Quote:

Originally Posted by koblenz (Post 2794883)
He will only lose the C if he actually notifies a departure to the CH authorities.

He won't because he doesn't.

koblenz 02.06.2017 15:57

Re: Is "C" Permit linked to living or working in CH?
 
Quote:

Originally Posted by Medea Fleecestealer (Post 2794895)
No, it would also become invalid if he leaves Switzerland for more than 6 months.

Wrong! It only becomes invalid if you notify the authorities of a departure of more than 6 months and they rescind the permit.
You can leave for more than 6 months and retain a C-permit. Nobody can know how many nights you slept in CH and how many you slept in other countries!
I know this from experience. A colleague of mine retained a C-permit in CH for more than 3 years whilst living, working and studying in Ireland. I dealt with all her mail and taxes for the entire time she was away. She did not want to lose the C-permit, whatever the cost. It is perfectly legitimate for your declared income to drop down to zero.

Medea Fleecestealer 02.06.2017 16:15

Re: Is "C" Permit linked to living or working in CH?
 
Quote:

Originally Posted by koblenz (Post 2794898)
Wrong! It only becomes invalid if you notify the authorities of a departure of more than 6 months and they rescind the permit.
You can leave for more than 6 months and retain a C-permit. Nobody can know how many nights you slept in CH and how many you slept in other countries!
I know this from experience. A colleague of mine retained a C-permit in CH for more than 3 years whilst living, working and studying in Ireland. I dealt with all her mail and taxes for the entire time she was away. She did not want to lose the C-permit, whatever the cost. It is perfectly legitimate for your declared income to drop down to zero.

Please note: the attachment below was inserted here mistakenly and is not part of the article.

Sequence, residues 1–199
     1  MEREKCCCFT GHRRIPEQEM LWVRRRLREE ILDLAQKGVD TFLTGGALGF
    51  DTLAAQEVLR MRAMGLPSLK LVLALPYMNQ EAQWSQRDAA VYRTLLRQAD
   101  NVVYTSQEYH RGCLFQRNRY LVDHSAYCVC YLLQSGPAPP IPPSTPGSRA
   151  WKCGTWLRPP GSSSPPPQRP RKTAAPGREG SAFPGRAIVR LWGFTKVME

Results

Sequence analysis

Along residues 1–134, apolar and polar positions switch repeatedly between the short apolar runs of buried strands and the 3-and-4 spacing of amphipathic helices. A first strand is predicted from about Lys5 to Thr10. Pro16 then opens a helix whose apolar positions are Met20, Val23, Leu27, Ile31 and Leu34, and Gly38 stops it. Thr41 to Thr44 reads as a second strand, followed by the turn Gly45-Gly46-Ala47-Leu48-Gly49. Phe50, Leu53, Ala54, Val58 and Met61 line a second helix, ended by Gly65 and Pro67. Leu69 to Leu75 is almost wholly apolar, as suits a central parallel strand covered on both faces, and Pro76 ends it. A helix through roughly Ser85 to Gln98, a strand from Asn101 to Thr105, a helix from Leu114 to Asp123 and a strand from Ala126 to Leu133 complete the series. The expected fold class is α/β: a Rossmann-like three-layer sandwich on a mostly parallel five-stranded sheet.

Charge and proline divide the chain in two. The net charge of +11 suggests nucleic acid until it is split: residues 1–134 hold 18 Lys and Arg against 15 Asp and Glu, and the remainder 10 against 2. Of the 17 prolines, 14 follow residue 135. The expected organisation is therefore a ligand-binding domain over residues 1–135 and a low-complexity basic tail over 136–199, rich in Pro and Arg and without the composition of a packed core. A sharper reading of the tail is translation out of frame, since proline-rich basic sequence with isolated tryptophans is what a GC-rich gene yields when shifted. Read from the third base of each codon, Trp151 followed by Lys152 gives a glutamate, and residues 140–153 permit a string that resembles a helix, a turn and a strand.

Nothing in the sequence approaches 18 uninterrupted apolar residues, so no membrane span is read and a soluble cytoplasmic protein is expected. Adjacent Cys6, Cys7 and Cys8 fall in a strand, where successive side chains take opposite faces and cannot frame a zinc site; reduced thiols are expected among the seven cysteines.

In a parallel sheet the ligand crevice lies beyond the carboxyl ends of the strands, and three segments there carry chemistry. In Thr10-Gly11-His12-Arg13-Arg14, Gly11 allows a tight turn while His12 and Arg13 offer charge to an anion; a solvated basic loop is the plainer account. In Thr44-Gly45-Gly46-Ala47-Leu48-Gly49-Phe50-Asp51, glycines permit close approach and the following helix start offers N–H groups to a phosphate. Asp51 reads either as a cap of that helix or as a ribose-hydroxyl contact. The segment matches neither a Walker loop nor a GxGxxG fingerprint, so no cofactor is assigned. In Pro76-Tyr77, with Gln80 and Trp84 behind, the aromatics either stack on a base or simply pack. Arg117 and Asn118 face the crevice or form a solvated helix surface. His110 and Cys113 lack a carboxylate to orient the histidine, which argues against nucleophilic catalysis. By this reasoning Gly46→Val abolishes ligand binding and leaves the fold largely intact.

Sorry, but wrong. From the Foreign Nationals Act:

"Section 2: Expiry and Revocation of Permits

Art. 61 Expiry of permits


1 A permit expires:
a. on notice of departure abroad;
b. on the grant of a permit in another canton;
c. on the expiry of the term of validity of the permit;
d. on expulsion in terms of Article 68.2

If a foreign national leaves Switzerland without giving notice of departure, a short stay permit expires after three months, and a residence or permanent residence permit (expires) after six months. On request, a permanent residence permit may remain valid for a further four years."

What she may have done is have her permit put on hold which is possible as she was gaining further education abroad.

If she she didn't put her permit on hold however, then sorry, but it was illegal as she was no longer a resident here.

koblenz 02.06.2017 16:22

Re: Is "C" Permit linked to living or working in CH?
 
Quote:

Originally Posted by Medea Fleecestealer (Post 2794910)
Sorry, but wrong. From the Foreign Nationals Act:

"Section 2: Expiry and Revocation of Permits

Art. 61 Expiry of permits


1 A permit expires:
a. on notice of departure abroad;
b. on the grant of a permit in another canton;
c. on the expiry of the term of validity of the permit;
d. on expulsion in terms of Article 68.2

If a foreign national leaves Switzerland without giving notice of departure, a short stay permit expires after three months, and a residence or permanent residence permit (expires) after six months. On request, a permanent residence permit may remain valid for a further four years."

What she may have done is have her permit put on hold which is possible as she was gaining further education abroad.

If she she didn't put her permit on hold however, then sorry, but it was illegal as she was no longer a resident here.